Bibliography.—Memoirs of the . . . Life of. . R. B. Sheridan, with a Particular Account of his Family and Connexions (1817), by John Watkins (“ who deals, ” said Byron, “ in the life and libel line), was an altogether inadequate piece of work, and made many false statements. The Memoirs, &c.(1825), COmpiled by Thomas Moore did not make full use of the papers submitted by the family. William Smyth (Memoir of Mr Sheridan, 1840), who had been a tutor in Sheridan's house, was responsible for many of the scandalous and sometimes baseless stories connected with Sheridan's name. Accounts of the dramatist's parents and of his grandfather are given by Alicia Lefanu in her Memoirs of the Life and Writings of Mrs Frances Sheridan, éfc. (1824). There are numerous references to Sheridan in the Letters and Journals of Byron, and several anecdotes (see especially vol. v. p. 411 seq., ed. Prothero, 1901). Popular works on the Sheridans are Mrs Oliphant's Sheridan (1883) in the “ English Men of Letters ” series; Mr Percy Fitzgerald's Lifes of the Sheridans (2 vols., 1886); and the Life of R. B. Sheridan (1890) by Lloyd C. Sanders in the “Great Writers " series. An admirable sketch of Sheridan's political career is given in Wilkes, Sheridan, Fox: the Opposition under George the Third (1874), by Mr W. Fraser Rae, who reconstructed Sheridan's biography from the original sources and vindicated his reputation from the misstatements of earlier writers, in Sheridan:a Biography (2 vols., 1896), which has an introduction by the marquess of Dufferin and Ava, the great-grandson of the dramatist. The Life of R. B. Sheridan by Walter Sichel (1909) is, however, the best account now available.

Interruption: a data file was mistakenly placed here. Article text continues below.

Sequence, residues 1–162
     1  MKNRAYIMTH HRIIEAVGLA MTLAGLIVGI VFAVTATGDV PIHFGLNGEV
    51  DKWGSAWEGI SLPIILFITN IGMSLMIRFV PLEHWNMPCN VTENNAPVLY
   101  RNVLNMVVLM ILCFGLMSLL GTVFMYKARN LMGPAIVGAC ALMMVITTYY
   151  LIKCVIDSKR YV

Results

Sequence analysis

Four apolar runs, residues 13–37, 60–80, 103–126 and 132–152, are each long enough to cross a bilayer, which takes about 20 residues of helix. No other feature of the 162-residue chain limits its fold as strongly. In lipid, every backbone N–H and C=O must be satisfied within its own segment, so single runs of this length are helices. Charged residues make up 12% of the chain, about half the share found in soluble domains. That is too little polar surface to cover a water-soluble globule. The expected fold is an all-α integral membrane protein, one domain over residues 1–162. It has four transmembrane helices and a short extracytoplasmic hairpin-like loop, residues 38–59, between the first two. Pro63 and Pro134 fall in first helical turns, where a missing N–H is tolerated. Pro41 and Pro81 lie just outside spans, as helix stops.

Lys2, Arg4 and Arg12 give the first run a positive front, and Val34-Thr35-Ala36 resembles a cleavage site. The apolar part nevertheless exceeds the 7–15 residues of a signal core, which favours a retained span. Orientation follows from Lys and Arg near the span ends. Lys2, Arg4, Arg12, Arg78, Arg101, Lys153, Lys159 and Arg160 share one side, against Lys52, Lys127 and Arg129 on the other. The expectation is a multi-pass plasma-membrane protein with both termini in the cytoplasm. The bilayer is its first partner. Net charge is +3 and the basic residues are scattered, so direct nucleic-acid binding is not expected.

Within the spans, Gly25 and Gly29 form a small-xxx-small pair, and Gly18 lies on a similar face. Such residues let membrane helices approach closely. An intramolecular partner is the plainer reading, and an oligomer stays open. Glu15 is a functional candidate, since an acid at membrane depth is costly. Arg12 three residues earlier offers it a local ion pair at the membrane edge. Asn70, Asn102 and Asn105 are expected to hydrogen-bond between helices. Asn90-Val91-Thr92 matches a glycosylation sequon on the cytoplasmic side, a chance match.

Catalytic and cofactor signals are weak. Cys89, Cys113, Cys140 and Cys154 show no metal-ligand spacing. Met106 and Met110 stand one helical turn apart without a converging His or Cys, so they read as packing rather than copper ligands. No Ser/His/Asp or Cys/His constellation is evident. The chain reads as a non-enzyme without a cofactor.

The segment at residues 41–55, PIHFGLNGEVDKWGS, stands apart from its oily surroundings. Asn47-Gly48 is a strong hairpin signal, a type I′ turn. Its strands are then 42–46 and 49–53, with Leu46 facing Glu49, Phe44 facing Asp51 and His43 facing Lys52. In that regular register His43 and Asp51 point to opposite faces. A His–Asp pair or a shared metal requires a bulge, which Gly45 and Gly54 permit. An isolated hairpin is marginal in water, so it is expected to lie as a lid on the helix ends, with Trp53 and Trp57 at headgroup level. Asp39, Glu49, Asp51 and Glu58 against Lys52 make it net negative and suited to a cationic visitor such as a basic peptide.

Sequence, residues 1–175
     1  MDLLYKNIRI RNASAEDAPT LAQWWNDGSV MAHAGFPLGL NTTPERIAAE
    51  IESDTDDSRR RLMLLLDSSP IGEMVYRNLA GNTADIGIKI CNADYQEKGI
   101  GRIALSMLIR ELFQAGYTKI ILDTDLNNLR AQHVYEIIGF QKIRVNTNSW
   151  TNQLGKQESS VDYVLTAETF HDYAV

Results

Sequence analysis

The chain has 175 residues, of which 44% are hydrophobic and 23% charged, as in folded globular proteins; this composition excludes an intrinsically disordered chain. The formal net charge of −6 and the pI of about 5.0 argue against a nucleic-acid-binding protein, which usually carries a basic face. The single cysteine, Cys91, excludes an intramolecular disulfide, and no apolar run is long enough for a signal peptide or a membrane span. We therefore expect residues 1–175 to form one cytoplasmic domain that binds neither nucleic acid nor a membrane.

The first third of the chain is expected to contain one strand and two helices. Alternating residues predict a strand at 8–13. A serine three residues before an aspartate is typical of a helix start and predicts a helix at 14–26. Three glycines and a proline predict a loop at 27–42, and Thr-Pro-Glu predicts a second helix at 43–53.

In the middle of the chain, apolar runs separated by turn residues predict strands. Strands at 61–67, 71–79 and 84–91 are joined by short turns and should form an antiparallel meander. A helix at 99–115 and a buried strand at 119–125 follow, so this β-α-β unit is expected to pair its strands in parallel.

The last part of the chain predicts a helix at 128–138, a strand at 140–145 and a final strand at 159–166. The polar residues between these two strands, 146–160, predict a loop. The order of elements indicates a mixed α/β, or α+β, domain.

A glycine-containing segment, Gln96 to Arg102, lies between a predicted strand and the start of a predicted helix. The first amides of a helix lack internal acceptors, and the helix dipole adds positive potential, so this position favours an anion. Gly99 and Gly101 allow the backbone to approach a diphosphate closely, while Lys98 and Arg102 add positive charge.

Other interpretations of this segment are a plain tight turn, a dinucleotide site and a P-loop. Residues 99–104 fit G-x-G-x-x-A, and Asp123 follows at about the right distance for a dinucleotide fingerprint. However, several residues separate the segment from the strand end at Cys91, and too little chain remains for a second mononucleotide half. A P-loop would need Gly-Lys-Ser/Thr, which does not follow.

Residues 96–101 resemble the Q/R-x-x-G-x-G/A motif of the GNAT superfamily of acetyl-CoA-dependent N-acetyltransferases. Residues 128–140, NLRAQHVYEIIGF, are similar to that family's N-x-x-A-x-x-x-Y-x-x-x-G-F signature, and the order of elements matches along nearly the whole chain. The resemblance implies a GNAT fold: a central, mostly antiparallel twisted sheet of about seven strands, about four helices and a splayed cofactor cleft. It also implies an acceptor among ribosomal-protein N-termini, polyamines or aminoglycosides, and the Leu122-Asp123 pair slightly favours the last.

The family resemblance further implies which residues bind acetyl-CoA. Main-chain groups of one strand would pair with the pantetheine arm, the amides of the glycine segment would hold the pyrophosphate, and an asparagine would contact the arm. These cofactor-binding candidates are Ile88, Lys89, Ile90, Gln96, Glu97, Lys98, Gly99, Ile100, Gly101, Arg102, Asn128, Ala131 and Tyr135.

Among the numerous modern editions of Sheridan's plays, of which only The Rivals was published by the dramatist himself, may be mentioned: Sheridan's Plays now printed as he wrote them (1902), edited by W. Fraser Rae, who quotes at length the criticisms in the contemporary press; The Plays of R. B. Sheridan (1900), edited by Mr A. W. Pollard; and Sheridan's Comedies (Boston, U.S.A., 1885), with a valuable introduction by Mr Brander Matthews. For further details consult the extensive bibliography by Mr J. P. Anderson in the Life by Lloyd C. Sanders.

  1. Published in Nichols’s Supplement to the works of Swift (1779).
  2. Her portrait, by Gainsborough, one of the best examples of the artist’s work, hangs at Knole, Sevenoaks, Kent.
  3. For the elucidation of these transactions, see Brander Matthews’s edition (1885) of Sheridan’s Comedies (pp. 29-31).